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Setting up Pi-hole on Raspberry Pi

Posted at Apr 27, 2024 23:59:05 — Last modified at Jun 8, 2024 19:25:13

I’ve finally had some time to set up Pi-hole on my Raspberry Pi. For most parts, I followed the excellent tutorial on the Raspberry Pi website.

Set up Raspberry Pi

A few useful commands:

Easier login with ssh key and configuration

For an easier login experience, you can use an ssh key. This allows you to login without having to type your password every time. From your usual computer:

You should now be able to connect without your password using: ssh <user>@<host>.local.

To make this even easier, you can configure ssh settings in ~/.ssh/config. For example:

Host anon
  HostName anon.local
  User mloning
  IdentityFile ~/.ssh/id_raspberrypi
  UseKeyChain yes
  AddKeysToAgent yes

You should now be able to simply run: ssh anon.

To log out, simply run: exit.

Assigning a static IP address to the Raspberry Pi

From the Raspberry Pi, run:

Alternatively, you can use the terminal UI mntui (see this blog post for details).

You can also set the static IP from your router’s admin page:

If you don’t know the address of your router’s admin page, you can find it using: nmcli -f IP4.GATEWAY device show wlan0, assuming your computer is connected via wlan0.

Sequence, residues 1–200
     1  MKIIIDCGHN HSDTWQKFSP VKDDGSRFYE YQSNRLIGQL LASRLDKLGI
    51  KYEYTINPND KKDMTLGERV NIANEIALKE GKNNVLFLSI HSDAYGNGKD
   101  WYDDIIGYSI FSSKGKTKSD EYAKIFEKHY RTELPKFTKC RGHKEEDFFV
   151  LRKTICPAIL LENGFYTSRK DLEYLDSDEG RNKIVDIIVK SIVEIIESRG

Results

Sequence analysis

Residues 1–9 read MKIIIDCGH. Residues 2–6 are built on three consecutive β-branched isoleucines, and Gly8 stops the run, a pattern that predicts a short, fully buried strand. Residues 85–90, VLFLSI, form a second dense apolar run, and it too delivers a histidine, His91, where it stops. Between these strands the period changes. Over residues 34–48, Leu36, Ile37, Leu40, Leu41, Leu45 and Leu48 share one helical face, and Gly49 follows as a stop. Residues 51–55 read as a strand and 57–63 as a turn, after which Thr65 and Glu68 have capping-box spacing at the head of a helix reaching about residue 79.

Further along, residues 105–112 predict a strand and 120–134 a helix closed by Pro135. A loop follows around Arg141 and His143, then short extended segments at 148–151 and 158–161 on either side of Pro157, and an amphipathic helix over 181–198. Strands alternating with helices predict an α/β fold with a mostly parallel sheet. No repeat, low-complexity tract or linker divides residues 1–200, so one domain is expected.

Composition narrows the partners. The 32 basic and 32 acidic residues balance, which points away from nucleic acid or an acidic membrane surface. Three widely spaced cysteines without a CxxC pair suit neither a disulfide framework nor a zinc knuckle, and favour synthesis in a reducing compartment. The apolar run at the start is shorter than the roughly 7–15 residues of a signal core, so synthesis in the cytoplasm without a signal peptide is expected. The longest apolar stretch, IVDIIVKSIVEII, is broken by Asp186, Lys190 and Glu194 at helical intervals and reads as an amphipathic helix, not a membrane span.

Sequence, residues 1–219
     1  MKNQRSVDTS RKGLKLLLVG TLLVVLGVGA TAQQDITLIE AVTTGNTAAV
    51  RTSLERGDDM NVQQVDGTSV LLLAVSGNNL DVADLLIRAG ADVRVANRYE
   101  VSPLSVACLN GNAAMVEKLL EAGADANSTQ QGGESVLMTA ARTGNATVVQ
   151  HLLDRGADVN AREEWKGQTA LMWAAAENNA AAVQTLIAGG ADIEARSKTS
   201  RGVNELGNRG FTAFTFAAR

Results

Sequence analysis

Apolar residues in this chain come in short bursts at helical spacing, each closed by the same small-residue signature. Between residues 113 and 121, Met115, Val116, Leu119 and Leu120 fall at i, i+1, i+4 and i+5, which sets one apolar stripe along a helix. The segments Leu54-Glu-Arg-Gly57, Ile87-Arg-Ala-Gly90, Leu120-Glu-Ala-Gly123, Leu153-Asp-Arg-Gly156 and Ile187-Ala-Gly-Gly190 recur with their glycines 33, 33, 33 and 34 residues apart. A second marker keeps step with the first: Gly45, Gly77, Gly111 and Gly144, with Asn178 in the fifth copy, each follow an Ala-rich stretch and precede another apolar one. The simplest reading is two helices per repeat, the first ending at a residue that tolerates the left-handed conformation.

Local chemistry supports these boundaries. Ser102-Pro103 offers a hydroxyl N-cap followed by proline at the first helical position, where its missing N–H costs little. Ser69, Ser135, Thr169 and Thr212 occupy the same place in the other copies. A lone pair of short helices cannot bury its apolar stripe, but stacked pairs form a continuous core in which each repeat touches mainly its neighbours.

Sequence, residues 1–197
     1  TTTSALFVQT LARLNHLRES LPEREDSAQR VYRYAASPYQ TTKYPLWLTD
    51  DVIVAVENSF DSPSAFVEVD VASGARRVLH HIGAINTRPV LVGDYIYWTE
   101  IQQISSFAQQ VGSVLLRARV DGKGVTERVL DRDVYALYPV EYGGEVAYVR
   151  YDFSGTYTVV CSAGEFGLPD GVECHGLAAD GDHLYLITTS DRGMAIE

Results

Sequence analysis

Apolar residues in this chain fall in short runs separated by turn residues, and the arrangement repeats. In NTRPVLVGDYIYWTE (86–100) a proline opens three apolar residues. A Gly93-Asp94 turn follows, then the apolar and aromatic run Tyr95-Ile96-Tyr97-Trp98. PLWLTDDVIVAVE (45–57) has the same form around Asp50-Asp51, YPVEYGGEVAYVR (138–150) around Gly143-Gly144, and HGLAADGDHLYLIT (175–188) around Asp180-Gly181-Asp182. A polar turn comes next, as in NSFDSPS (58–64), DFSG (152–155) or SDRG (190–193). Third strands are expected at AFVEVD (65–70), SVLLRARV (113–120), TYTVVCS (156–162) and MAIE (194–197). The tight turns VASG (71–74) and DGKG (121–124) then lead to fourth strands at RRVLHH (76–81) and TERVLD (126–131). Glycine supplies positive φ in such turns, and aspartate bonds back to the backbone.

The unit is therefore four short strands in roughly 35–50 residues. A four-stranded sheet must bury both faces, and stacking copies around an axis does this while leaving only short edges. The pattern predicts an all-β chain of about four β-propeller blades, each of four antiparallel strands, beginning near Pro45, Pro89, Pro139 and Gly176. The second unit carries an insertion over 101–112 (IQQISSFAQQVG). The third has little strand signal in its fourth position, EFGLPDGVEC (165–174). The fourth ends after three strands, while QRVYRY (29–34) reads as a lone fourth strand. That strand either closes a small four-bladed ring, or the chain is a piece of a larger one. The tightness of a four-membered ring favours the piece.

Install Pi-hole

On the Raspberry Pi:

In the tutorial, the Raspberry Pi is connected via WiFi, with the wlan0 interface being configured in the installation. If you can connect via an Ethernet cable using eth0 for the interface, that’s usually the preferred choice as it’s more reliable.

After the installation, check if Pi-hole is running:

If you want to reconfigure Pi-hole later, you can always run: pihole -r and select “reconfigure”.

Configure Pi-hole as your network’s DHCP provider

My router did not allow me to set a DNS server, so I configured Pi-hole as my DHCP provider instead. For other options, see the tutorial.

From your router’s admin page:

Next, open the Pi-hole admin dashboard in your browser at: http://<host>/admin/ (for example, http://anon.local/admin/) using the admin password from the Pi-hole installation step above. From the Pi-hole admin dashboard:

You may want to restart your router afterwards. On your computer, you can also try to renew your IP address from the DHCP server. Your usual computer should then show up under the “Currently active DHCP leases” on the Pi-hole admin dashboard “DHCP” settings page.

Check if Pi-hole is working

Finally, verify that Pi-hole is working:

Update Pi-hole

To update Pi-hole, run: pihole -up.